Successful ethical hackers possess a variety of skills. First and foremost, they must be completely trustworthy. While testing the security of a client's systems, the ethical hacker may discover information about the client that should remain secret. In many cases, this information, if publicized, could lead to real intruders breaking into the systems, possibly leading to financial losses. During an evaluation, the ethical hacker often holds the “keys to the company,” and therefore must be trusted to exercise tight control over any information about a target that could be misused.

The sensitivity of the information gathered during an evaluation requires that strong measures be taken to ensure the security of the systems being employed by the ethical hackers themselves: limited-access labs with physical security protection and full ceiling-to-floor walls, multiple secure Internet connections, a safe to hold paper documentation from clients, strong cryptography to protect electronic results, and isolated networks for testing.

Ethical hackers typically have very strong programming and computer networking skills and have been in the computer and networking business for several years. They are also adept at installing and maintaining systems that use the more popular operating systems (e.g., UNIX or Windows NT) used on target systems. These base skills are augmented with detailed knowledge of the hardware and software provided by the more popular computer and networking hardware vendors. It should be noted that an additional specialization in security is not always necessary, as strong skills in the other areas imply a very good understanding of how the security on various systems is maintained. These systems management skills are necessary for the actual vulnerability testing, but are equally important when preparing the report for the client after the test.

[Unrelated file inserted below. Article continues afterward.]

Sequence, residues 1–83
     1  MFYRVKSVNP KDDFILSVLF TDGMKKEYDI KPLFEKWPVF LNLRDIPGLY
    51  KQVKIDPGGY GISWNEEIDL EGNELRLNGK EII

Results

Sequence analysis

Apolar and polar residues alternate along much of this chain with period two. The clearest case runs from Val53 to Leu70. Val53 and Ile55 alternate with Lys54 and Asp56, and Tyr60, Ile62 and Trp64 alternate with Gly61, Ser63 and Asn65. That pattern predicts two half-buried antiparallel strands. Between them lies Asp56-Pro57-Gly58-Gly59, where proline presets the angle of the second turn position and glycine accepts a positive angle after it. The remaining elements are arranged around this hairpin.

Finally, good candidates for ethical hacking have more drive and patience than most people. Unlike the way someone breaks into a computer in the movies, the work that ethical hackers do demands a lot of time and persistence. This is a critical trait, since criminal hackers are known to be extremely patient and willing to monitor systems for days or weeks while waiting for an opportunity.

A typical evaluation may require several days of tedious work that is difficult to automate. Some portions of the evaluations must be done outside of normal working hours to avoid interfering with production at “live” targets or to simulate the timing of a real attack. When they encounter a system with which they are unfamiliar, ethical hackers will spend the time to learn about the system and try to find its weaknesses. Finally, keeping up with the ever-changing world of computer and network security requires continuous education and review.

One might observe that the skills we have described could just as easily belong to a criminal hacker as to an ethical hacker. Just as in sports or warfare, knowledge of the skills and techniques of your opponent is vital to your success. In the computer security realm, the ethical hacker's task is the harder one. With traditional crime anyone can become a shoplifter, graffiti artist, or a mugger. Their potential targets are usually easy to identify and tend to be localized. The local law enforcement agents must know how the criminals ply their trade and how to stop them. On the Internet anyone can download criminal hacker tools and use them to attempt to break into computers anywhere in the world. Ethical hackers have to know the techniques of the criminal hackers, how their activities might be detected, and how to stop them

While the first and second of these are clearly important, the third is even more important: If the owners or operators of the target systems do not notice when someone is trying to break in, the intruders can, and will, spend weeks or months trying and will usually eventually succeed.

When the client requests an evaluation, there is quite a bit of discussion and paperwork that must be done up front